You could never imagine BP escaping public notice in the aftermath of the Deepwater Horizon explosion. And yet one of its partners, Texas-based Anadarko Petroleum has somehow — despite owning a 25 percent stake in the Deepwater Horizon oil rig — almost managed to fly under the public’s radar.
That is, it did until last Friday, when Anadarko’s CEO released a scathing statement declaring BP grossly negligent in the rig’s explosion. But why risk the PR exposure? Possibly, Anadarko is looking to limit their legal exposure.BP, as the leaseholder of the rig, owns the financial liability for the disaster. The company, as we’ve heard from the Obama administration time and again, has to pay to stop the gusher and pay damages to those hurt by the leak. To that end, the White House had BP establish a $20 billion escrow fund to start paying those claims.
But BP is not the only lessee of the rig. Anadarko owns 25 percent of the lease, and a Japanese company, Mitsui, indirectly owns another 10 percent.
That makes Anadarko, according to its contract with BP, liable for 25 percent of any damages resulting from an incident — an incident like the rig explosion, which led to the worst environmental disaster in U.S. history.
Unless, that is, BP committed “gross negligence or willful misconduct” that led to the incident.
“The mounting evidence clearly demonstrates that this tragedy was preventable and the direct result of BP’s reckless decisions and actions,” Anadarko CEO Jim Hackett said in a statement last week. “BP’s behavior and actions likely represent gross negligence or willful misconduct and thus affect the obligations of the parties under the operating agreement.”
It’s no accident that Hackett’s statement mentions the exact phrase, “gross negligence or willful misconduct.”
Anadarko and BP entered into their agreement last October. Some news reports have hinted that BP may take legal action against Anadarko, but BP refuses to comment.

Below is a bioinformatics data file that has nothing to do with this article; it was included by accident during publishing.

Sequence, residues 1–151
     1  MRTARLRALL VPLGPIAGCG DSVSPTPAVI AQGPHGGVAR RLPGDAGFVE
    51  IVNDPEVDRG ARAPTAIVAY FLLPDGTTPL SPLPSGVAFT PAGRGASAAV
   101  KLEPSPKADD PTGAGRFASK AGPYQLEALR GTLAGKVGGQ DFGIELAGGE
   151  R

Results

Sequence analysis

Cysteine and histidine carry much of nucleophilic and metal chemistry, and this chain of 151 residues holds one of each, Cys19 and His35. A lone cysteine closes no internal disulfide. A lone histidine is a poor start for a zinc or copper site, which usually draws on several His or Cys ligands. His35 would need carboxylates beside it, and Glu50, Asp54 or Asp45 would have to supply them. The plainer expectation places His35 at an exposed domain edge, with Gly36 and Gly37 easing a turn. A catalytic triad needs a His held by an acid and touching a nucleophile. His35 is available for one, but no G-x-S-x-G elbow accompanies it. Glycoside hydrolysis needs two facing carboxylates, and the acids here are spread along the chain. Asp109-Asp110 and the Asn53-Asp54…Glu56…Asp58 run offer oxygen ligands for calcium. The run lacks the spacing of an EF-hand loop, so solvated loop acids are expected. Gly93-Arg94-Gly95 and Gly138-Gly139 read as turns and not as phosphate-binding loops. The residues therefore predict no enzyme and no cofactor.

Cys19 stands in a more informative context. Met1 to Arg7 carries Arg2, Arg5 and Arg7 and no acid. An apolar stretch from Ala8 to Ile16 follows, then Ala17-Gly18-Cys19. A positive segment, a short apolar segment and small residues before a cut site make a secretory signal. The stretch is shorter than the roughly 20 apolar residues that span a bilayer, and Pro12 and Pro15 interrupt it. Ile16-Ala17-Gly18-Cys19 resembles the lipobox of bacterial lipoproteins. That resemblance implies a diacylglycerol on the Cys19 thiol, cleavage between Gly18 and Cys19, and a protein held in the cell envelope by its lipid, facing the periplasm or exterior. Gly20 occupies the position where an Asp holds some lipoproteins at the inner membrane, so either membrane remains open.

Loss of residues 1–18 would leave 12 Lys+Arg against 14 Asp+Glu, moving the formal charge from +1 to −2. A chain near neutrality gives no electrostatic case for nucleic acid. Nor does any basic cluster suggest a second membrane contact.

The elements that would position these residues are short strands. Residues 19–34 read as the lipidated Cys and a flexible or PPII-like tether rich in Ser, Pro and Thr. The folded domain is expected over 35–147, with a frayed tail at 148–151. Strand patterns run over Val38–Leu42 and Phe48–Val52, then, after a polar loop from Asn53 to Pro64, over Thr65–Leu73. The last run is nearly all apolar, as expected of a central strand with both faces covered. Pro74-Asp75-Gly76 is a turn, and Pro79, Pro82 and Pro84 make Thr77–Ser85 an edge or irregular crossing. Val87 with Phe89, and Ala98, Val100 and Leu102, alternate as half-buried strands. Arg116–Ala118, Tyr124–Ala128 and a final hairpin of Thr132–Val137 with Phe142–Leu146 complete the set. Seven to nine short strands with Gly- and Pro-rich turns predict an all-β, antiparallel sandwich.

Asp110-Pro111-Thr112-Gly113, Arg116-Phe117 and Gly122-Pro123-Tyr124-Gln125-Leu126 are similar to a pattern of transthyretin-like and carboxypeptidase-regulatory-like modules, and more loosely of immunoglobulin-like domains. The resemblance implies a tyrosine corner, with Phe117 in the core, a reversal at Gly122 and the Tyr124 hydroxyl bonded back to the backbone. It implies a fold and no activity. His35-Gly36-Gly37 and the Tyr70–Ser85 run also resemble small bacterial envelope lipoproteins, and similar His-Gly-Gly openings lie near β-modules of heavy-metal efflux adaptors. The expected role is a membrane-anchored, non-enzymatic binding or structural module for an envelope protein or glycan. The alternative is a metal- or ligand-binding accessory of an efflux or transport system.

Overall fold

“Other parties other than BP may be responsible for costs and liabilities. … We expect those parties to live up to their obligations,” spokesman David Nicholas told TPM. He added that who pays for what will be figured out “in due course.”
The BP-Anadarko contract stipulates that any legal action must take place in arbitration, not public court.
Anadarko’s stake is, according to a spokesman, purely financial. The company had no personnel on the Deepwater Horizon, nor did it have any say in decisions regarding the rig. A spokesman for BP confirmed that Anadarko had no personnel on the rig, and that BP was the only operator.
Mitsui has not said whether it will fight liability.
Rep. Ed Markey, the chairman of the select committee on Energy Independence, last week called for both Anadarko and Mitsui to contribute to the escrow fund.
“They cannot escape responsibility,” Markey told Bloomberg. Both companies should be “contributing to any fund that is constructed for any part of the reconstruction,” he said.
A spokesman for Anadarko says the company has not been in touch with the Obama administration about the escrow fund or anything else, but said the company has offered boats and experts to the response effort.
“We’ve offered a lot more assistance than has been accepted,” the spokesman told TPM.